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Anyone who has successfully gone through a quarter-life crisis can attest to the fact that it is probably the worst, best and most transformative time in your life (to-date). And for me, that is true. So incredibly true. Over these past four years, living in New York, quitting my job, criticizing myself better than my worst enemy could, overcoming the senseless idea of perfectionism, and then going back to school…it’s been a whirlwind no one could have foreseen. But I’ve grown tremendously and learned so much about myself, both good and bad. And despite the rollercoaster it’s been, it has been wildly exciting to know that through everything, all the ups and downs, I’ve grown (and am still growing) for the better, and that’s something to be grateful for. Even if this, what I like to call, “evolutionary process” includes days where I’m down in the dumps, locked in my room, lights off, with ‘rainy day’ indie music playing in the background. It’s worth every second knowing that I’m coming out the other end a bit wiser and a better person.

That said, I must be crazy, because despite these last few insanely transformative years, months and even weeks filled with change and life lessons, I find myself intentionally wanting more. (I should be careful for what I wish for, right?) But I think Gail Sheehy was right when she said, “if we don’t change, we don’t grow. If we don’t grow, we aren’t really living”.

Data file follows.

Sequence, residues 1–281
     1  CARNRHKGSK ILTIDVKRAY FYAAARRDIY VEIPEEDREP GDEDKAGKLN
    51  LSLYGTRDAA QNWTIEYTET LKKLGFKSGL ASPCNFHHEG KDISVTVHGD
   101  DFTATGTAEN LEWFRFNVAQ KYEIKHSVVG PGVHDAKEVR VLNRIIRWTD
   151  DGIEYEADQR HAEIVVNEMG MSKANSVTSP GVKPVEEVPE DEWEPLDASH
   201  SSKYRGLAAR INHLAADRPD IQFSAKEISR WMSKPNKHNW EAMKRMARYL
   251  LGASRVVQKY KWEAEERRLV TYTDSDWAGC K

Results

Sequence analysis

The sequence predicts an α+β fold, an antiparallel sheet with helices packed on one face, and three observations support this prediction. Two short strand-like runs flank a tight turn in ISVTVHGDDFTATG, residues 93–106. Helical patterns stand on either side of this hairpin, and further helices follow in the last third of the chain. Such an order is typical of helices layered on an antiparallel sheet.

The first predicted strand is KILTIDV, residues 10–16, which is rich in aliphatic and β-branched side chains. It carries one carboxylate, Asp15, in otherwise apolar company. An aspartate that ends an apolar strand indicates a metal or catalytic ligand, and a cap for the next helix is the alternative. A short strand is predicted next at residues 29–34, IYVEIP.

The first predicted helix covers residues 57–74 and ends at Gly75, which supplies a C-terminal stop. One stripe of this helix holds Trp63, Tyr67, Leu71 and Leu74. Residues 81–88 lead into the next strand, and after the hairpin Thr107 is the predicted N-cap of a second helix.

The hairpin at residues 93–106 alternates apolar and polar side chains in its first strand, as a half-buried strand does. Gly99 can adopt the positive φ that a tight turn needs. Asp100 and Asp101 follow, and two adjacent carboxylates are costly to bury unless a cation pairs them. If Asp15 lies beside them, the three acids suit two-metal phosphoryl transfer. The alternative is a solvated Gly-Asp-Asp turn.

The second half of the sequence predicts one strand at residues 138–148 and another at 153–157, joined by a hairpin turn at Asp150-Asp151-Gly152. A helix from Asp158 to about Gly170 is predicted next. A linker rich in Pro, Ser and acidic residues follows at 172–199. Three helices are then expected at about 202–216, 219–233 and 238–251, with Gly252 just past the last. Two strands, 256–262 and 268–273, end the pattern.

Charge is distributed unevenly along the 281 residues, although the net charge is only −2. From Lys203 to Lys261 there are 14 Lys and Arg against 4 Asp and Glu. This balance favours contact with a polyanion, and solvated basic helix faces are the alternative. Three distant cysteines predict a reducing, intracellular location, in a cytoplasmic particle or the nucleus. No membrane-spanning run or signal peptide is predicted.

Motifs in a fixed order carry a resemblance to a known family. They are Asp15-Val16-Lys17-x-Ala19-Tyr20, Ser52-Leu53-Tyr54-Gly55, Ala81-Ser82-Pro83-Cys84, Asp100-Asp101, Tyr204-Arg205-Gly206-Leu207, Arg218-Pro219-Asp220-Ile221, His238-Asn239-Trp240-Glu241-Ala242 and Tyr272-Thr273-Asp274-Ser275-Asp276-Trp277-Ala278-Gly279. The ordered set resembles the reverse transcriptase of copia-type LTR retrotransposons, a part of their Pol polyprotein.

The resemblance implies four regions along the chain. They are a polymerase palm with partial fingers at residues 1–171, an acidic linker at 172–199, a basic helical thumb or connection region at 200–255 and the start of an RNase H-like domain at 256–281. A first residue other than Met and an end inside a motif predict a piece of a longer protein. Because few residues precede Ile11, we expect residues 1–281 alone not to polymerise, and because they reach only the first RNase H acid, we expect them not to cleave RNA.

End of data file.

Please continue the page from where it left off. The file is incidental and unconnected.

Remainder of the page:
So, without further adieu and without being all dramatic…HOLY SH*T I’M MOVING TO MEXICO…WITH THE PEACE CORPS…AND IN 2 WEEKS!!!

While I feel like a normal reaction would be one filled with nervousness that sometimes manifests as full blown ‘WTF’ panic mode, I’m freakishly calm (it’s kind of abnormal and freaking me out). In fact, I think I’m more wary about the concept of “the calm before the storm” than actually physically moving. But being the self-reflective person I am/claim to be, I’m telling myself that this reaction is just indicative of the fact that this is something I absolutely have to do…a higher calling of sorts…fate, if you will…the gods descending upon me and showing me the light (I know, I know, I’m getting a bit carried away here). OR, that could be complete B.S., I could be bat sh*t crazy, and it just hasn’t hit me yet…and the next post you’ll read will have been written in that dark room referenced above.

Please cross your fingers that the latter is wrong, my intuition is right and these next 27 months will be even more amazing and transformative than I could have imagined. ?

Yours truly,